Acting as a whistleblower, a former senior Capitol Police official alleges that Assistant Capitol Police Chief Yogananda Pittman and acting Assistant Chief Sean Gallagher got a warning about a possible attack on Congress weeks ahead of Jan. 6, but didn’t share that information with other Capitol Police officials—something the former official says Pittman lied to Congress about. In a 16-page letter, the former official also slammed investigators for their failures, in particular the failure to pin enough blame on Pittman and Gallagher, who the letter describes as “simply watch[ing] mostly with their hands on their laps” as their subordinates fought to defend the Capitol

Pittman told Congress that a Dec. 21 intelligence report, which warned that people were sharing maps of the Capitol online and talking about armed confrontations with members of Congress, had been shared with assistant chiefs and deputy chiefs. But the writer of the 16-page letter says that claim is “unconditionally false.” Pittman and Gallagher were the “only officials that had all the intelligence information for the 6th.”

Because of them, the letter alleges, the Capitol Police were not prepared for what happened on Jan. 6—for things they should have known were coming.

“The failures and inactions of these two prior to and on the 6th unquestionably contributed to the death of officers and the serious physical and emotional injury of hundreds of other members of law enforcement. It contributed to the death of citizens and caused harm to the reputation of the Congress, the USCP and other commanders,” the former official writes. “Yet, the truth of their performance is not in the command-and-control report and appears to be of little importance to the congressional community. It is obvious that the congressional community has purposefully failed to provide the truth to the members of the USCP that fought so valiantly to protect them on the 6th. This level of dishonesty must start at the top and taints every level of USCP oversight throughout this Congress.”

By contrast, the letter writer hails some “leadership heroes of the day,” who s/he says were on the scene and putting themselves at physical risk in defense of the Capitol. But the intelligence failures, and the failure of Congress and other investigators to pin those on Pittman and Gallagher, loom largest in the letter.

“Ultimately, the IIAD, that they supervised, produced approximately 50 pages of documents in a dozen plus reports reference the demonstrations on the 6th, These documents did NOT contain the critical information that was possessed and needed by the Department to operationalize a plan and procure the resources to stop this attack. In 50 pages, there was one paragraph tacked on page 15 of one document that vaguely spoke of the target of the demonstration being Congress this time. The remaining 99% of the 50 pages of documents, including those produced after the one assessment, repeated the chances of any police action were ‘unlikely or remote’.”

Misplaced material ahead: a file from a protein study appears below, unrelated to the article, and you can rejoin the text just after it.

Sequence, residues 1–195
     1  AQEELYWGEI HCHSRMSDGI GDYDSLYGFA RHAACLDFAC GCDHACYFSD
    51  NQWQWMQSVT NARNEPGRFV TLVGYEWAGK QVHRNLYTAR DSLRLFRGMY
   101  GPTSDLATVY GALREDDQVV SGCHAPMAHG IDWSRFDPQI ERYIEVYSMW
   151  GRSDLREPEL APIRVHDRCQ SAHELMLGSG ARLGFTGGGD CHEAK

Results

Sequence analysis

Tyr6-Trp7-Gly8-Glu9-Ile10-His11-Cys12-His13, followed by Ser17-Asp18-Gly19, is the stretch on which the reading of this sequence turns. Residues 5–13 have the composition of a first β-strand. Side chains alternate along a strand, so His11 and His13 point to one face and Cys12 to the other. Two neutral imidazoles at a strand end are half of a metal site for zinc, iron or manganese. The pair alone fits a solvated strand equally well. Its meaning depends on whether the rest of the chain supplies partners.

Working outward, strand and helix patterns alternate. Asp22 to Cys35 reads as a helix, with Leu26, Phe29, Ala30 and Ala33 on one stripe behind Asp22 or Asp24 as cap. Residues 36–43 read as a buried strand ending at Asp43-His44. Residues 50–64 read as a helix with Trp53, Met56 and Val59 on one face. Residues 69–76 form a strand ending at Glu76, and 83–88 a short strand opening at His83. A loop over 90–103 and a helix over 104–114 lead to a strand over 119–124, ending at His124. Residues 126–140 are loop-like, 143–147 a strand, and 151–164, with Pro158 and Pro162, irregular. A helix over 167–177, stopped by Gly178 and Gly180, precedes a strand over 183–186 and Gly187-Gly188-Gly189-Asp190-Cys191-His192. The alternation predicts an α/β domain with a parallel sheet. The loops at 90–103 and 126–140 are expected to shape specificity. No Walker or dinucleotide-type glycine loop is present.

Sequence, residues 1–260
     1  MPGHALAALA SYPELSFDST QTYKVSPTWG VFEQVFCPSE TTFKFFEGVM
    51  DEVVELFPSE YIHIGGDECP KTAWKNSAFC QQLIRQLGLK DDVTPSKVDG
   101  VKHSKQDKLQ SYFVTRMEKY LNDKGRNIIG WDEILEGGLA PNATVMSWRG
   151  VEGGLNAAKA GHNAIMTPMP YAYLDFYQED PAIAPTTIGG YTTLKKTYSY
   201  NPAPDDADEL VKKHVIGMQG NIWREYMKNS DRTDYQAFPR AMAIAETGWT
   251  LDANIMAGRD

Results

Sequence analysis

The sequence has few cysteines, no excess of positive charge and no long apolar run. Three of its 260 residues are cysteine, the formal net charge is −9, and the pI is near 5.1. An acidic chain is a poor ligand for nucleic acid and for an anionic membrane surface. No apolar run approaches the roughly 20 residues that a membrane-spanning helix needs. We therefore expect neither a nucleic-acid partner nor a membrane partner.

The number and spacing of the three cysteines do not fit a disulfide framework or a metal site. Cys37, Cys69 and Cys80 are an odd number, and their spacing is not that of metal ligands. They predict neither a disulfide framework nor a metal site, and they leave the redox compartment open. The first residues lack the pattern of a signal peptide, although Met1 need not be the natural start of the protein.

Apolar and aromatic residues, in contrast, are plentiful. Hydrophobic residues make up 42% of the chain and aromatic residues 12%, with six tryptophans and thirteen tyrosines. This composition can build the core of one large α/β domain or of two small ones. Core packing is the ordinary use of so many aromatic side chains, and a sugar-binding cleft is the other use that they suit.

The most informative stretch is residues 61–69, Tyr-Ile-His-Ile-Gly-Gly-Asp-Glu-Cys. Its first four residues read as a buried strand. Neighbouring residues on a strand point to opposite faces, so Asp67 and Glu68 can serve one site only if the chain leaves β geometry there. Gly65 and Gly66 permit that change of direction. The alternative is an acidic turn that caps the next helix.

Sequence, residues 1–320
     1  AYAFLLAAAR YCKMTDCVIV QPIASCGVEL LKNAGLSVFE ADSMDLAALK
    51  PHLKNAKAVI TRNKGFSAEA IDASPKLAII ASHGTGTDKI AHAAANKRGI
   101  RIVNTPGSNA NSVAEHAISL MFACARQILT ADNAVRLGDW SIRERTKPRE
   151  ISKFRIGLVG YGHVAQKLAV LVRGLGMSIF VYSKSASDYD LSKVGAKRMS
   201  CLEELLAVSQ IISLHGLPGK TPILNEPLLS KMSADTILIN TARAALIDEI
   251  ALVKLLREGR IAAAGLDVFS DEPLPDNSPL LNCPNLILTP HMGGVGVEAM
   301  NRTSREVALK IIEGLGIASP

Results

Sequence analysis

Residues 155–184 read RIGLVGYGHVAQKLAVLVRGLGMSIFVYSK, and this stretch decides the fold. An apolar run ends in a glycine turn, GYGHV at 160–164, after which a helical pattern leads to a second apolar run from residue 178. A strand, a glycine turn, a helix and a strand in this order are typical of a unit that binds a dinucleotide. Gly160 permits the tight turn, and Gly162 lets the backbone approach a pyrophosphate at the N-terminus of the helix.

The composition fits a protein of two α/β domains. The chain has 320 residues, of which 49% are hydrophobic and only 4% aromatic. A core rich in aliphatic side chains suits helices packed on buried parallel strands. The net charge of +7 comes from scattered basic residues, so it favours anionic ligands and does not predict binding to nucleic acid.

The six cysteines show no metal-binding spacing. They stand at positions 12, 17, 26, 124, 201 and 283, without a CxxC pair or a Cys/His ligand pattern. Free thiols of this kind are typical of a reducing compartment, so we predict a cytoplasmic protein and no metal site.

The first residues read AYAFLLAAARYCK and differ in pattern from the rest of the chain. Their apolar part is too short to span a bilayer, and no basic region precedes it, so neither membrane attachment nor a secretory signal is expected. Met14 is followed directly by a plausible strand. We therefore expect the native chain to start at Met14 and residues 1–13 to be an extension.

The Capitol Police rejected the accusation that its leaders could have predicted anything close to the scale of the violence on Jan. 6. “Based on all the intelligence the USCP received before January 6, we were aware of the potential for violence from some demonstrators,” a spokesman said in a statement. “Based on the intelligence, the Department enhanced its security posture. However, no one’s intelligence revealed the large-scale demonstration would become a large-scale attack.”

In a joint statement, members of the Capitol Police’s executive team, including Pittman and Gallagher, said that although “there is more work to do, many of the problems described in the letter have been addressed.” 

The United States Capitol Police has implemented, and continues to implement, many of the critical recommendations called for in a series of post January 6 reviews,” they said. “The letter from the former employee echoes the thoughtful recommendations in those reports.” 

It’s unlikely the letter writer would ever agree that the problems described in the letter had been addressed as long as Pittman and Gallagher remain in senior positions, given the degree of sheer personal rage directed at the two throughout the letter. That rage raises question marks about the letter writer’s potential biases—are they entirely the product of Pittman and Gallagher’s failures around Jan. 6, or is there a history there?—but regardless, it’s been clear from the day of the insurrection there had been major intelligence failures that needed to be investigated. While the House select committee is correct to focus significant attention on Donald Trump and his inner circle for their role in inciting the attack, the intelligence failures within law enforcement also require significant attention.

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This is a Creative Commons article. The original version of this article appeared here.


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